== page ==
I am a Middle School Mathematics major who is taking this course as an undergrad. I don't have any formal teaching experience and am totally unfamiliar with mathematics software. I have a lot to learn and am looking forward to it!

When I'm not studying, I enjoy birdwatching, music, gardening, playing backgammon and TexasHoldEm, as well as camping in our pop-up at the Delaware shore (where I surf fish and kayak). Most of all, I enjoy spending time with my family (I've been married for 19 years; my sons are 15 and 17).

1. I'm a middle-school mathematics major who is excited to learn more about educational/mathematical technology (my math technology experience is limited to using the TI84 and Voyage graphing calculators). This course is a requirement for me, but even if it weren't, I would view it as essential anyway, as I am interested in learning about techniques/technologies that might enhance their students' learning process.

2. I hope to gain at least a casual familiarity with the mathematics education software that my future students may be interested in/required to use by the district curriculum.

3. At this point in time, I think that being an observer of this course would benefit me most - I have so much to learn that I don't think I'm qualified to help anyone.

PART 1:

I do not have any blogs or sites about my projects. Currently, my projects are informal ones that don't directly involve math - they consist of improving the environment by picking up garbage and removing invasive plant species (the walking path at our neighborhood park and beaches where I camp need a lot of care and I'm happy to help).

As a teacher, I will be passionate about getting to know the socio-economic-ethnic backgrounds of my students, and how to best relate mathematics to their life experiences. College-bound students may be more interested in theoretical concepts, while students who choose other career paths (trade school, apprenticeships, etc.) might need more applied examples. My goal is to help all of them.

As I said previously, I'm a Middle School Mathematics Major, but I'd honestly be happy teaching any subject. Math is my favorite by only a narrow margin; I sincerely enjoy discussing all academic subjects with young adolescents. Biology was my first choice, but I am unable to control my gag/nausea/fainting reflexes when confronted with real-life dissection (illustrations don't bother me in the least; I'm fascinated by them, but that doesn't quite meet a professional level).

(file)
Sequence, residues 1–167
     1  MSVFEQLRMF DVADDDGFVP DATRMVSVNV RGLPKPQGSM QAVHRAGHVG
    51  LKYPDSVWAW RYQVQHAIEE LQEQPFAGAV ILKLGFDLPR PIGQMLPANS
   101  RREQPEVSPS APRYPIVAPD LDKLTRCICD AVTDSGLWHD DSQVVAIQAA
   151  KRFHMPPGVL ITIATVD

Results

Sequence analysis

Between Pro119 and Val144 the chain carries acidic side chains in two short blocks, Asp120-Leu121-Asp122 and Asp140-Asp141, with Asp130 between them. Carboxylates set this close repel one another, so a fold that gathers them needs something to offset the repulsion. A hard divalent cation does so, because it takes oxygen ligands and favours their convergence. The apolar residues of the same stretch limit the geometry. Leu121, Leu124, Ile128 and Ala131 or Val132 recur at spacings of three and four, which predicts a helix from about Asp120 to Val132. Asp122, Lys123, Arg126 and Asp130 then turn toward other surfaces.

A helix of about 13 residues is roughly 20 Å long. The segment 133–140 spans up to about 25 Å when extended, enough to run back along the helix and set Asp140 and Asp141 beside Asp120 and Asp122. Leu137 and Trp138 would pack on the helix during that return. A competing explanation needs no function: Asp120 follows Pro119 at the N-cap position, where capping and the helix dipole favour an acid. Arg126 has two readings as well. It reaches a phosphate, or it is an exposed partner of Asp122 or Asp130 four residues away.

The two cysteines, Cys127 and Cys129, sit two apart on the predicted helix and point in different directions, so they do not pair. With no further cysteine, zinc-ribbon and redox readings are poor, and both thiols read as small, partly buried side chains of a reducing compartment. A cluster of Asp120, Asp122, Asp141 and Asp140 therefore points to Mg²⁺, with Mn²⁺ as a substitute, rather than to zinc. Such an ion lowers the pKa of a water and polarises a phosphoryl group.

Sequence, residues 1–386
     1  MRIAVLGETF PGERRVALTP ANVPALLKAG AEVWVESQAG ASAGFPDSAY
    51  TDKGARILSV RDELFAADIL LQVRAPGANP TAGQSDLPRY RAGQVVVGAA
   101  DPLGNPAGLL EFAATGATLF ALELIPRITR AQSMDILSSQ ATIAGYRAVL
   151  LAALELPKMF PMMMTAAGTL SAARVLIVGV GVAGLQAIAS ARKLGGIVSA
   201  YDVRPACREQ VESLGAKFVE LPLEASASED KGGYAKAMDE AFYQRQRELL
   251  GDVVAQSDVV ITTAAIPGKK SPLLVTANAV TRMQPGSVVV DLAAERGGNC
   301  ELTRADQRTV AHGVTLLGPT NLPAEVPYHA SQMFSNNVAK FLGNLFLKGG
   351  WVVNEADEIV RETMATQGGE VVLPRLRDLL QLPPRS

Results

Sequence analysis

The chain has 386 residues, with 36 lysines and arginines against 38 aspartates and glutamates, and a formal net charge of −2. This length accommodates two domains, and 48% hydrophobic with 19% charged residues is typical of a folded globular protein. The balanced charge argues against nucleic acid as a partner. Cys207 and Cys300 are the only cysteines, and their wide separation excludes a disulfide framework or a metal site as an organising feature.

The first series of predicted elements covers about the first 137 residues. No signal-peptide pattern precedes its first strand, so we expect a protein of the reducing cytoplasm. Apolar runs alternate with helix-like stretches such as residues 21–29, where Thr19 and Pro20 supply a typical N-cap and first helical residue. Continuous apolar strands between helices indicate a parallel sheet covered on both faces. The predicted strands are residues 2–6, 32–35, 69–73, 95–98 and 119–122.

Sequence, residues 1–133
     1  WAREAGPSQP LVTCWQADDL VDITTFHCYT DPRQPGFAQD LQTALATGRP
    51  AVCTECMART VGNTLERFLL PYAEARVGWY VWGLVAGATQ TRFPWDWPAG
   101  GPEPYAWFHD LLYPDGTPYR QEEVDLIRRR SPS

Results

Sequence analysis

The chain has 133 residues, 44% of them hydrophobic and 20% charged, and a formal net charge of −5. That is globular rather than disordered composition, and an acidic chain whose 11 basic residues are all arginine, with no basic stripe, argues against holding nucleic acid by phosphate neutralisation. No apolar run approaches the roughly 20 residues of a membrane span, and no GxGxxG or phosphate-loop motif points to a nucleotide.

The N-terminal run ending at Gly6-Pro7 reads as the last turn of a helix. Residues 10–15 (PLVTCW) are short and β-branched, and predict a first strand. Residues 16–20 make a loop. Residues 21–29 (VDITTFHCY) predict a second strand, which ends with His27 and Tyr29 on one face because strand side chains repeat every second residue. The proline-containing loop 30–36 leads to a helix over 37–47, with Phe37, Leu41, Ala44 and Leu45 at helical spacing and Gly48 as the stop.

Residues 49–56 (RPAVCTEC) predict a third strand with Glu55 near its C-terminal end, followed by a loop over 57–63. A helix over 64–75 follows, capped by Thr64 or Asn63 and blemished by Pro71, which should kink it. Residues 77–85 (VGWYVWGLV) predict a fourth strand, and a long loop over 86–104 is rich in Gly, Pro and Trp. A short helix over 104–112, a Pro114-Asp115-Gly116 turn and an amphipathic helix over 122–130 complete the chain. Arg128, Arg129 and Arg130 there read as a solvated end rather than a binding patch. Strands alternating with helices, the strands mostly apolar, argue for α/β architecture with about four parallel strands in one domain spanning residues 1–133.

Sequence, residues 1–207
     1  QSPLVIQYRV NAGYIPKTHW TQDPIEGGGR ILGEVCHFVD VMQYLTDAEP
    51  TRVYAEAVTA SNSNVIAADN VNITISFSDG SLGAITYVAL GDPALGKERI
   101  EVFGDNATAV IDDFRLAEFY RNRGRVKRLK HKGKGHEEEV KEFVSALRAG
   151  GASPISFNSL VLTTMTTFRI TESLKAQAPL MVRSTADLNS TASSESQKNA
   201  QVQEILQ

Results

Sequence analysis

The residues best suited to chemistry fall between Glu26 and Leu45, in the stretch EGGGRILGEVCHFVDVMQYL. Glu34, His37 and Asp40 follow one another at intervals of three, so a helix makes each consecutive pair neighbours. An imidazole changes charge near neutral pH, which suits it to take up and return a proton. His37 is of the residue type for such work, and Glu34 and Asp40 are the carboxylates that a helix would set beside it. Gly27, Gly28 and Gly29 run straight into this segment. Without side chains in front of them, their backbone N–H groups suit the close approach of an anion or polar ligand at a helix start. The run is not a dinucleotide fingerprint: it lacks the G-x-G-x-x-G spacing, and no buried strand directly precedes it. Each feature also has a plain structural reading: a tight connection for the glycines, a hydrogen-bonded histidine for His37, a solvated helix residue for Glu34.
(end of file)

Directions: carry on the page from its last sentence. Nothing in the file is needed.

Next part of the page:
PART 2:

1. I know the Web isn't really 'modern' any more, but it still fascinates me as much as it did when I first accessed it via MS-DOS many years ago (it was text-only at the time); it is a priceless learning and communications tool. I also am excited by MIDI/synthesizer technology and the sounds that result, as well as being fascinated by how technological advances have enabled things like Moog's early synthesizers to shrink down to a size that anyone can accommodate. What most intrigues me is how technology can be used for advances in healthcare, whether it be a system for managing a particular patient's medications and warning of interactions, or the emergence of fMRI technology.

2. Difficult time in mathematics: it's definitely when I was learning how the 2D graphs of trig functions relate to a circle. I'm so thankful that my Dad (back then he was called a draftsperson) used his mathematical understanding, drawing skills, love of model trains (he used the wheels), and my beloved spirograph set to give me endless demonstrations until I finally understood. Computer animations such as those at http://en.wikipedia.org/wiki/Sine_function would have made the whole process a lot quicker and saved a lot of paper.

3. This question is tough - I totally agree that it's essential for students to master a graphing calculator, but think that having them be able to master using a search engine might give a little more of a learning advantage. A calculator is a valuable teaching tool, but a search engine can provide the student with a wider scope of information. For example, a student can use a calculator to experiment with graphs. But, a search engine used to its fullest potential would show results demonstrating graphs, as well as articles explaining what mathematician(s) explored this particular concept, its practical applications, etc.